Minutes of the court of burgomasters and achepens, 1656 to Aug. 27, 1658 inclusive (Google eBook)

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Published under the authority of the city by the Knickerbocker Press, 1897 - New York (N.Y.)
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Page 34 - Be it known, that we knowing the prosperity of these countries, and the welfare of their inhabitants depends principally on navigation and trade, which in all former times by the said Countries were carried on happily, and with a great blessing to all countries and kingdoms; and desiring that...
Page 31 - ... most convenient opportunity." The early settlers found much difficulty in enforcing public sanitation, for, in spite of the worldwide reputation of the Dutch for indoor cleanliness, we find the burghers in 1658 bitterly reproached for throwing their rubbish, filth, dead animals, and the like into the streets "to the great inconvenience of the community and dangers arising from it.
Page 264 - On the instant request both oral and written, of Jan Peeck to be allowed to pursue his business as before inasmuch as he is burthened with a houseful of children and more besides, the Court having considered his complaint and that he is an old Burgher, have granted his prayer on condition that he comport himself properly and without blame, and not violate either one or the other of the placards, on pain of having Ms business stopped without favor and himself punished as he deserve, should he be found...
Page 291 - Jews who came here last year from the West Indies and now from Fatherland, must prepare to depart forthwith, and that they shall receive notice thereof, and asked if the Burgomasters and Schepens had anything to object thereto.
Page 256 - ... noise made by drunkards, especially yesterday, Sunday, in this house, so that he was obliged to remove one to jail in a cart which was a most scandalous affair. He demands, therefore, that Jan Peck's license be annulled and that he pay a fine according to the ordinance and placards of the Rt. Hon'ble Director General and Council. The Worshipful Court having seen the remonstrance of the Sheriff against Jan Peck, who being legally summoned did not appear, decided, on account of his disorderly housekeeping...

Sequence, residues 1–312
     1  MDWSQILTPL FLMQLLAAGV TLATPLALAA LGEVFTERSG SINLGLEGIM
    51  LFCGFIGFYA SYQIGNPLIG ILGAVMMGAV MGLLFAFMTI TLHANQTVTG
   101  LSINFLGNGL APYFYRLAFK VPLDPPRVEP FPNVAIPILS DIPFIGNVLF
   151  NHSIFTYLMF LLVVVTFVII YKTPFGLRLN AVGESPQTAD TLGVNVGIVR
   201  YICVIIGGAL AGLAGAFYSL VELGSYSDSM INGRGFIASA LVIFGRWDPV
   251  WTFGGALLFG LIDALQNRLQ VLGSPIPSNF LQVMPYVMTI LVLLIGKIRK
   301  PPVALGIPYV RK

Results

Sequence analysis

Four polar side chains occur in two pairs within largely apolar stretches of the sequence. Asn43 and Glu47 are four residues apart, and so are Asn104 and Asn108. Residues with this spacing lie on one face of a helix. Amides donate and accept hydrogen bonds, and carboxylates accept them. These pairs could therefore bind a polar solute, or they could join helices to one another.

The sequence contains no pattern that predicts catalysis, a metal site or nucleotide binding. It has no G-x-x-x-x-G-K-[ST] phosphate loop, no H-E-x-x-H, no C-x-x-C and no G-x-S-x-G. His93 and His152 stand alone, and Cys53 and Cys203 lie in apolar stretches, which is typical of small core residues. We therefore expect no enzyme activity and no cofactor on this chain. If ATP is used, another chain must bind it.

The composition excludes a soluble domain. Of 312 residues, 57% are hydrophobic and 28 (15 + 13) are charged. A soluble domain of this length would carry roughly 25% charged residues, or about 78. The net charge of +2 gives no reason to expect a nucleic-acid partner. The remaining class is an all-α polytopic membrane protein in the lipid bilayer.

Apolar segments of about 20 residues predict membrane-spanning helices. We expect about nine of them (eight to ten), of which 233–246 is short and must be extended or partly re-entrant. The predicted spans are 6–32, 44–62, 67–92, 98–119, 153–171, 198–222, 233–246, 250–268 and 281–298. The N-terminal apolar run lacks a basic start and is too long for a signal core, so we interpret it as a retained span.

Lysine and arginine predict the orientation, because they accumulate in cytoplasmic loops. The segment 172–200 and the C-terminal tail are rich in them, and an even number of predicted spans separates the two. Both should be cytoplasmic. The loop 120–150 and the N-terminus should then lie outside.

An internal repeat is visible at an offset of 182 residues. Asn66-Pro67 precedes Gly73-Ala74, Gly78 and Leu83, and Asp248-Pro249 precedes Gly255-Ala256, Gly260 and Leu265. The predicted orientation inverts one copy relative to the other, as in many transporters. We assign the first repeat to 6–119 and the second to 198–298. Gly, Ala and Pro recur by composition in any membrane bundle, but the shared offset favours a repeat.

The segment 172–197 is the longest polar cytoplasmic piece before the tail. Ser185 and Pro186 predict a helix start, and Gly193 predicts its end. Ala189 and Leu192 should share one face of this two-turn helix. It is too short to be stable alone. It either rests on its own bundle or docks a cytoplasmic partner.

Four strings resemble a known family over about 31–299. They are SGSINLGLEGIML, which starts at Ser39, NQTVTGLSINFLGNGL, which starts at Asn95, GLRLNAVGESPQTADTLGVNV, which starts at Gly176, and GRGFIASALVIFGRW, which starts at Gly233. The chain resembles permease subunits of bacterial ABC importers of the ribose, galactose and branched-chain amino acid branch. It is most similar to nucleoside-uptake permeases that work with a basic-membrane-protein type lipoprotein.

Page 1 - Sunday in contravention of law, to the contempt and disgrace of our person and office, to the annnoyance of our neighbors and to the disregard, nay contempt of Gods holy laws and ordinances, which command us, to keep holy in His honor His day of rest, the Sabbath, and forbid all bodily injury and murder, as well as the means and inducements, leading thereto, Therefore, by the advice of the late...
Page 21 - Fatherland; and besides, such gatherings lead to trouble, heresies and schisms. Therefore, to prevent this, the Director General and Council strictly forbid all such public or private conventicles and meetings, except the usual and authorized ones, where God's Word, according to the Reformed and established custom, is preached and taught in meetings held for the religious service of the Reformed Church, conformably to the Synod of Dort, which is to be followed here, as in the Fatherland, and in the...
Page 31 - The first municipal ordinance concerning the disposal of refuse is recorded under date of 1657 and reads thus : Henceforth no one shall be allowed to throw into the streets or into the graft any rubbish, filth, ashes, oyster-shells, dead animal or anything like it, but they shall bring all such things to the to them most convenient of the following places, to wit the Strand, near the City hall, near the gallows, near Hendrick the baker, near Daniel Litsco, where tokens to that effect shall be displayed,...
Page 244 - Jews, according to their signatures, defts. Touching the ballance of the payment of the passage of the said Jews, for which each is bound in solidum. Whereas their goods sold thus far by vendue, do not amount to the payment of their obligation, it is, therefore, requested that one or two of the said Jews be taken as principal, which, according to the aforesaid contract or obligation cannot be refused.
Page 16 - ... among which is found much unpierced and only half-finished, made of stone, glass, bone, shells, horn, nay even of wood and broken " "Therefore we have resolved that henceforth no loose wampum shall be current unless strung upon a wire." "trade wampun shall pass as good pay as heretofore at the rate of six white or three black beads for one stiver

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